Pa. Man with Bad Credit Finds out Dad Allegedly Stole His Identity, Racked up $120k Debt
A 22-year-old man in Pennsylvania discovered that his father is the cause of his poor credit to the tune of a $120,000, and how far it goes, is quite shocking.
Usually, parents protect their children from those who want to harm them, and they ensure that they help them have a future that is secured financially. In the case of a father from Pennsylvania, it's the reverse.
The father — Michael Trujillo Snr. — turned himself in last Friday at the Lackawanna County Courthouse, and he is facing over a dozen charges of identity theft and fraud.
He allegedly stole his son — Michael Trujillo Jr's — social security number and used it to obtain loans and credits to the tune of $120, 000. The court documents revealed that Trujillo started his scam scheme when his son was 14-year-old and would have continued had the younger man not found out about it.
Michael Jr. discovered he had a lot of debts to his name in 2016 when he went to get a loan for a car. Interestingly, he was accompanied by his father when he made the discovery.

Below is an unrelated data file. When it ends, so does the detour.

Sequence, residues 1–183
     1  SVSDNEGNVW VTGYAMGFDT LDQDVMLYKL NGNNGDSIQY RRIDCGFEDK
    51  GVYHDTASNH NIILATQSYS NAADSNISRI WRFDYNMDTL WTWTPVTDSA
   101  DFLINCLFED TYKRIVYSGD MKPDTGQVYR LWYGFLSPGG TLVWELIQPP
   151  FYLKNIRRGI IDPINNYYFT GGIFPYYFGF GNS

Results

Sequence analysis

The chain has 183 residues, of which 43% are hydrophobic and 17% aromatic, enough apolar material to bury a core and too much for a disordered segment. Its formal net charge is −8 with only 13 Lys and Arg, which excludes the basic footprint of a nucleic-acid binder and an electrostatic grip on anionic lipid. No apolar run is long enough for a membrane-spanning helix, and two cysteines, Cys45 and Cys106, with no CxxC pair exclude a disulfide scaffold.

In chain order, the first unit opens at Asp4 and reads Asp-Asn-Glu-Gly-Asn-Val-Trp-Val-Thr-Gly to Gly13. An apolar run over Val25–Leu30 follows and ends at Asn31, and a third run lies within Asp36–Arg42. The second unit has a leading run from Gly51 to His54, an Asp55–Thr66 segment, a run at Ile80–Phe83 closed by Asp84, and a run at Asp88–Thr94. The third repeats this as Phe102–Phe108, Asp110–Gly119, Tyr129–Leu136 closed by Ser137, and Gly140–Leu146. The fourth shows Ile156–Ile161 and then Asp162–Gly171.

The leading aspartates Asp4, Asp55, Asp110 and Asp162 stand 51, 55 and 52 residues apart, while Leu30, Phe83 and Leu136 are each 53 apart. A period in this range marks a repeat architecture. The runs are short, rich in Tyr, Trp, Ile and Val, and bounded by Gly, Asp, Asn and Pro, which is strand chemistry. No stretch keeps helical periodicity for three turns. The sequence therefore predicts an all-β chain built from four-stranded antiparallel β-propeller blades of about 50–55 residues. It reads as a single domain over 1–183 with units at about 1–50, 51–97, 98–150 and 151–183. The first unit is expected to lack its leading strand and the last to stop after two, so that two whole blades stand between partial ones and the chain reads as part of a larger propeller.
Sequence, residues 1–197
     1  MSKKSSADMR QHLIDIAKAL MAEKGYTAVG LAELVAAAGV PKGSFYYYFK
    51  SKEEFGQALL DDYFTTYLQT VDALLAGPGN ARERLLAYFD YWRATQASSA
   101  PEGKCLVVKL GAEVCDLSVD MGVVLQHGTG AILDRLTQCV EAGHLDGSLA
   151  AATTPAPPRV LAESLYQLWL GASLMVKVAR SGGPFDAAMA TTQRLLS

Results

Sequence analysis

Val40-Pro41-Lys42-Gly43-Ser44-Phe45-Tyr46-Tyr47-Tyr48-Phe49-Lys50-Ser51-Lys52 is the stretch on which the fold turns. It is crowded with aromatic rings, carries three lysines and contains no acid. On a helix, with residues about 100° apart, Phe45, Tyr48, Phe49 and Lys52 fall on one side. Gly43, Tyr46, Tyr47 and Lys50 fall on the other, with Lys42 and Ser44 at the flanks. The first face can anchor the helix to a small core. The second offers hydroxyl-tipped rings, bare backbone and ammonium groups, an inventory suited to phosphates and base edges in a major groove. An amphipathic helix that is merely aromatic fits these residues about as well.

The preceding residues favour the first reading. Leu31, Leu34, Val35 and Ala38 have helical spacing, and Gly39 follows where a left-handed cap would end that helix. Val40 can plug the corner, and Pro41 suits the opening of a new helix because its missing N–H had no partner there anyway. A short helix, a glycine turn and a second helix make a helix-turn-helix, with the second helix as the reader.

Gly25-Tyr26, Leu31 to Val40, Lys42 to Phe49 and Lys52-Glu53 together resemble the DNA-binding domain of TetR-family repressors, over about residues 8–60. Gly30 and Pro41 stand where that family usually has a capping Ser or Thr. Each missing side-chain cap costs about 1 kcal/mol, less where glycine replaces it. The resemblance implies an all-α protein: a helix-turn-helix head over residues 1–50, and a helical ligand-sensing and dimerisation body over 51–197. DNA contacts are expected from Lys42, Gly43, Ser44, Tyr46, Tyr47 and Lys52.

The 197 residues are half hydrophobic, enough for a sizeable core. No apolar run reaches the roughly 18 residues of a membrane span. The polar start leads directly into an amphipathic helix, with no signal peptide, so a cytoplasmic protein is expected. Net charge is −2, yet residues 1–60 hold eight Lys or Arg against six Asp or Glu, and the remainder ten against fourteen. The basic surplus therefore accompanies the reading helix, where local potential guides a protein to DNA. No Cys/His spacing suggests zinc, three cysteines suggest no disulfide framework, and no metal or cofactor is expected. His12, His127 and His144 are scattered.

The older man promised to make it right, and his son took his word for it. When investigators started the case against the 49-year-old father, the younger man refused to cooperate as he didn't want to file charges against his dad.
Things took a different turn early this year when the young man of 22, realized that if his father does not take responsibility for the debts, he'll be stuck with it for the rest of his life.
At this point, members of the Trujillo family reported the matter to the police, and they took up the case. While investigating further, the police discovered that the embattled father filed for bankruptcy in 2015, but continued using his son's identity.
After his first court appearance, he got released without having to post bail and is due back in court next week. Identity theft happens to a lot of people, but usually, it is done by strangers and not close family members.
Katelyn McManamon, a staff at Penn East Credit Union, believes that everyone has a responsibility to track their credit, and at least once a year, they should look for discrepancies and anything that stands out. If anything appears out of place, she advised that the affected person should contact the credit bureau immediately.